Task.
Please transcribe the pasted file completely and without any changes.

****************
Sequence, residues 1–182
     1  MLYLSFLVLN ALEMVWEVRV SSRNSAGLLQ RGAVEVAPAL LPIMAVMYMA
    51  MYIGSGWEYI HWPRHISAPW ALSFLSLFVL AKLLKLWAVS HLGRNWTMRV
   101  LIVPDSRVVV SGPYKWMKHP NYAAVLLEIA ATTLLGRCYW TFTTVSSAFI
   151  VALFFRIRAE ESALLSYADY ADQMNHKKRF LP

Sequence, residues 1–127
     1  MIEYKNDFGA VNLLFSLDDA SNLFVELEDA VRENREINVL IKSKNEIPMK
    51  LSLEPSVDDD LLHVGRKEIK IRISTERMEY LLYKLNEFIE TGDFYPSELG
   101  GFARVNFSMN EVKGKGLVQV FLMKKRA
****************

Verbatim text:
Sequence, residues 1–182
     1  MLYLSFLVLN ALEMVWEVRV SSRNSAGLLQ RGAVEVAPAL LPIMAVMYMA
    51  MYIGSGWEYI HWPRHISAPW ALSFLSLFVL AKLLKLWAVS HLGRNWTMRV
   101  LIVPDSRVVV SGPYKWMKHP NYAAVLLEIA ATTLLGRCYW TFTTVSSAFI
   151  VALFFRIRAE ESALLSYADY ADQMNHKKRF LP

Sequence, residues 1–127
     1  MIEYKNDFGA VNLLFSLDDA SNLFVELEDA VRENREINVL IKSKNEIPMK
    51  LSLEPSVDDD LLHVGRKEIK IRISTERMEY LLYKLNEFIE TGDFYPSELG
   101  GFARVNFSMN EVKGKGLVQV FLMKKRA